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The Case for Rolling Funds in Canada

There has been a lot of buzz around rollings funds over the past 2 months, with VC’s on Twitter seemingly hitting their targets after a few days. As of today, there don’t seem to be any rolling funds in Canada, they just are not getting the press, or regulatory hurdles still exist. Here we take a look at the what, why, and how.


Rolling funds are a concept launched earlier in 2020 by AngelList. Their site describes them the best –

The issue with large fundraising is that there is normally a very difficult one-time raise, and the round is then closed. Subsequent rounds may be opened later, but investors may need to wait. Only very wealthy individuals can participate if the minimums are high.

Rolling funds hop on the trend of subscription based charges, having subscribers commit to quarterly amounts. This solves a number of problems:

  • Lower amounts can be committed, allowing more people in
  • The stress of a fund closing deadline is gone
  • You can start investing as soon as money is committed 
  • The fund is always open

Summary of advantages from AngelList themselves:

Source: AngelList


A lot of IP is developed in Canada, but it ends up being in the hands of foreign investors. There is a massive opportunity for Canadians to keep their startups here. The government seems to be moving money in the right direction (Ottawa offers Ford $500M for EV development), but there are many much smaller opportunities. There have been several new funds launched in the last year addressing the need for early-stage startup, but they are quite exclusive because of the minimums required.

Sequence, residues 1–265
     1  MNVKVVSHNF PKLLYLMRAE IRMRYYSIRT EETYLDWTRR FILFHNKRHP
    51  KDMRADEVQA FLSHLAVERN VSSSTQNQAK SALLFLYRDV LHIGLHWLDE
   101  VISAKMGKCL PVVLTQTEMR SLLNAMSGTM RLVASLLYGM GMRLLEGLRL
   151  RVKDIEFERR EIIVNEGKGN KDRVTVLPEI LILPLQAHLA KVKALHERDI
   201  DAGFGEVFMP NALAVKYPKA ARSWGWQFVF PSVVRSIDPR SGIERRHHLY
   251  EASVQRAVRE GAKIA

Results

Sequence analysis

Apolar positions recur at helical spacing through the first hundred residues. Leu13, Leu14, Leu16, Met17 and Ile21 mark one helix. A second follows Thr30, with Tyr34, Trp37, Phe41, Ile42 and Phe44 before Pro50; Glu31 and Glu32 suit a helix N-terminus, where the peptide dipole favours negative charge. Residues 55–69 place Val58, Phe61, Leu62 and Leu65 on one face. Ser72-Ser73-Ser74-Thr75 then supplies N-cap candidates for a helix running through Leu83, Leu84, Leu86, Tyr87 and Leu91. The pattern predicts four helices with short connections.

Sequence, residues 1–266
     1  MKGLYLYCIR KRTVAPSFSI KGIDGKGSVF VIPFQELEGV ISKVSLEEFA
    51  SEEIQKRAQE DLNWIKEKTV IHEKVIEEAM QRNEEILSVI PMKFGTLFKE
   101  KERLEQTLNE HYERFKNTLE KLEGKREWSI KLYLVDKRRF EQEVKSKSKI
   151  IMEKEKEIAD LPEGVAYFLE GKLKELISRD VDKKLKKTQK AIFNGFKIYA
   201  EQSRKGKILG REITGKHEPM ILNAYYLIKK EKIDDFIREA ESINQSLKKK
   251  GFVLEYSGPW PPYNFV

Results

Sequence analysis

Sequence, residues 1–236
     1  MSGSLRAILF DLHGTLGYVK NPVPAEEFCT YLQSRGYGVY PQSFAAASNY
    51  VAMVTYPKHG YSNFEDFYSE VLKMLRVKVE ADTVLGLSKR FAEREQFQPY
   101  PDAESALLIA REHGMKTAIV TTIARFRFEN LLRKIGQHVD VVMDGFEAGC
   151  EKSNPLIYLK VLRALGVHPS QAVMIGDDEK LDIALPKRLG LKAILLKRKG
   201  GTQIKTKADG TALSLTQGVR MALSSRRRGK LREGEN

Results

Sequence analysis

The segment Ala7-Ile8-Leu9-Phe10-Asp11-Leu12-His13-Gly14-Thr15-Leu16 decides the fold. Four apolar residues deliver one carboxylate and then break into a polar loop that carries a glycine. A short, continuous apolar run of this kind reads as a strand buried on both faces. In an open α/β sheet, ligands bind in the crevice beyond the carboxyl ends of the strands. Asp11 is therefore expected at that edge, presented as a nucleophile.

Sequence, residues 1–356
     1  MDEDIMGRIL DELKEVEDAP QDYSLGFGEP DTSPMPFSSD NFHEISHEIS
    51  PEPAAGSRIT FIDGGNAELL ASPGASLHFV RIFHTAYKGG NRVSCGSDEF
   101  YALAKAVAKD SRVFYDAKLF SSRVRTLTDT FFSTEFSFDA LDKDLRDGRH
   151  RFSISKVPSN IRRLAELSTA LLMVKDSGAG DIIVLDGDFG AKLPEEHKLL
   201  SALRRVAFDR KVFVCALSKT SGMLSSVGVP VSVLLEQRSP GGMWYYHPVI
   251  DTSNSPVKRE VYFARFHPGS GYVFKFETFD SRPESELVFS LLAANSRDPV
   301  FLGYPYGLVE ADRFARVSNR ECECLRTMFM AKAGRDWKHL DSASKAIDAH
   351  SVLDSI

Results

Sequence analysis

Canada struggles with the risk of early-stage venture capital. There is just not the amount of money ready here that there is in the US, and culturally we are more financially conservative. This pays off when their is a market contraction (ex not getting hit so bad in 2008), but we miss a lot of the times markets explode. Still, I believe there is a large group of people that are interested in investing in Canadian startups, but don’t know how and wouldn’t commit to large funds. A few groups of people that would consider such an investment are lawyers, doctors, dentists, and of course CEO’s, executives, part-time angel investors, and dedicated investors.

If the minimum of a fund is set at $2500/quarter, there is a large number of people that may take a chance. With 50 people committing an average of $5000/quarter, you have a million dollar fund in 1 year.


This is where things get difficult.

A few things seem necessary:

  1. A platform to take money in quarterly, manage the funds, and communicate with investors. Currently I only know of AngelList
  2. A brand, personal or corporate, to give confidence to subscribers
  3. A way to market it

The quickest raises of rolling funds so far have been by VC’s in silicon valley. A more recent example is by Sahil Lavingia, who uses AngelList, is well known in the silicon valley, and promoted it to a huge base of followers on Twitter and through writing. He covers the whole process in an excellent guideline: How to Raise a Rolling Fund

For these to become a reality in Canada, the 3 above things need to be solved, as well as finding legal assistance as to the rules for investment for accredited vs non-accredited investors. I’m not a legal expert, so they may be limited to accredited investors only. If that’s the case, it’s another issue entirely, which should also be addressed.

There is surely the will for this type of innovative funding here in Canada, and we hope to be a part of it.

Featured image by Michelle Spollen on Unsplash